B&M claims that the route chosen by Great Lakes to access the pipeline easement to perform the repairs was unreasonable and therefore constituted a trespass. B&M bases this claim on its contention that the right-of-way agreement between the Berghs and Great Lakes does not define the location or manner of ingress and egress to the field and that "in the absence of any provision that defines the location or manner of ingress and egress, the rights of the parties must be exercised reasonably."

We conclude that the terms of the easement granted to Great Lakes by the right-of-way agreement between the Berghs and Great Lakes are clear and unambiguous. While the right-of-way does not specify any particular route that Great Lakes is required to use in gaining access to the pipeline, it does, in broad terms, provide Great Lakes the right of "ingress and egress to and from said right of way" so long as that "ingress" and "egress" is for a purpose contemplated by the right-of-way agreement. The right-of-way agreement also provides that Great Lakes "may temporarily use work space as needed during the construction, operation, maintenance, and removal of said pipeline * * *" and requires that Great Lakes pay for all damage done "to crops, timber, livestock and improvements" caused by Great Lakes' exercise of its rights under the agreement. We read the provisions of the right-of-way agreement between the Berghs and Great Lakes granting Great Lakes the right of "ingress and egress to and from the right of way" and to temporarily use work space as needed for "maintenance" of the pipeline in conjunction with Great Lakes' obligation to pay for damages caused by the exercise of its rights under the right-of-way agreement as specifically defining all of Great Lakes' rights and responsibilities with respect to accessing the pipeline easement. Because the right-of-way agreement specifically defines Great Lakes' rights and responsibilities with respect to accessing the pipeline easement, we have no occasion to read a reasonableness requirement into the easement grant.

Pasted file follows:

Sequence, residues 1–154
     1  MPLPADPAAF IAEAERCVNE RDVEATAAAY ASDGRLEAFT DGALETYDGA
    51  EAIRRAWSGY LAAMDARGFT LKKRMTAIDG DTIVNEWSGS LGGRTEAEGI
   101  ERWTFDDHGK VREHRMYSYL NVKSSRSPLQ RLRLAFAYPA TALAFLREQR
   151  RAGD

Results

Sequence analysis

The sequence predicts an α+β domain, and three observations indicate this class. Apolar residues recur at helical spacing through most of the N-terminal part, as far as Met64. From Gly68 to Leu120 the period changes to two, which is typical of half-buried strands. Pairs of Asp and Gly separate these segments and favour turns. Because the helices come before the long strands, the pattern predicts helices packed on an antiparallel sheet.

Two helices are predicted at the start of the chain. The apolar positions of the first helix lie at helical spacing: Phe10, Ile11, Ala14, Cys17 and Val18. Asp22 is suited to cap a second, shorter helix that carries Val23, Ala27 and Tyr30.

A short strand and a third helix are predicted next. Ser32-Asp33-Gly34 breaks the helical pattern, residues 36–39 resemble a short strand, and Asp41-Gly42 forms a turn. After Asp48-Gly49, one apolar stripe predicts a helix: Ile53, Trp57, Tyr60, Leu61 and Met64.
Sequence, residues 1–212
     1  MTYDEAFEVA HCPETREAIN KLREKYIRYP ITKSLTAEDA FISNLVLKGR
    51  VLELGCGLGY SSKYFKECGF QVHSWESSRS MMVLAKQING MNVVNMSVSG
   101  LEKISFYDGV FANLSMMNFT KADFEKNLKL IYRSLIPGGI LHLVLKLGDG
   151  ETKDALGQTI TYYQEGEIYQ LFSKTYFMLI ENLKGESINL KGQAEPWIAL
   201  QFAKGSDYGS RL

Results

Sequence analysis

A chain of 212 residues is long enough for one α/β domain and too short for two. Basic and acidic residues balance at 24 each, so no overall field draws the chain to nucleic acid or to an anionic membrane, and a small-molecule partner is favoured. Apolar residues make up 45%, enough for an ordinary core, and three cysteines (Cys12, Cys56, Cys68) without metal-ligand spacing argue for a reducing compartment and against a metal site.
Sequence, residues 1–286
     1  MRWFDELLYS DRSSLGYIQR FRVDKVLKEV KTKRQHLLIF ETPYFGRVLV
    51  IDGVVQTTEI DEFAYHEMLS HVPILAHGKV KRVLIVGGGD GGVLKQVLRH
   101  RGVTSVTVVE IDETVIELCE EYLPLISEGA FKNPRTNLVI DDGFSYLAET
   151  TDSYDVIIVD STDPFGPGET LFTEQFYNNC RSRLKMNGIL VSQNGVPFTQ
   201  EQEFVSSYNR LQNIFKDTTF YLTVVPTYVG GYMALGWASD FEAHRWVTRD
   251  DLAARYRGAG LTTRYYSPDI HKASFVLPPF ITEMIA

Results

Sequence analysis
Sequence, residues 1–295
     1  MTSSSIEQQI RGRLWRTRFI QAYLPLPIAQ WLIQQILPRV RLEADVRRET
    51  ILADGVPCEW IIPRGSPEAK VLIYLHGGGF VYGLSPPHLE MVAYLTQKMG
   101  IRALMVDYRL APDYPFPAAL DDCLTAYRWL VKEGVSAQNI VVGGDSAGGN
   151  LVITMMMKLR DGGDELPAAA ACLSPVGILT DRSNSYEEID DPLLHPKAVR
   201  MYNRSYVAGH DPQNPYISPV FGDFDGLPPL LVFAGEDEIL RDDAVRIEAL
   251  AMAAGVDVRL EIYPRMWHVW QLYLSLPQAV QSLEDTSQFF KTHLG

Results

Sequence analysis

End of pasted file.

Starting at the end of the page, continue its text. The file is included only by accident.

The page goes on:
Based on the facts in the record, it appears that Great Lakes entered the field pursuant to the terms of the right-of-way agreement for the purpose of repairing the pipeline as permitted by that agreement. Thus, the only real issue for trial was the amount of damages Great Lakes was required to pay for damage it caused to the field and the sugar beet crop resulting from its exercise of its rights under the right-of-way agreement. Therefore, we conclude that the trial court was correct in excluding evidence on the reasonableness of the route Great Lakes utilized in accessing the pipeline easement to recoat the pipeline and in refusing to give the trespass issue to the jury.

Reversed and jury verdict reinstated.


Footnotes

[1] Great Lakes transports natural gas by pipeline from Canada through Minnesota, Wisconsin, Michigan, and back to Canada.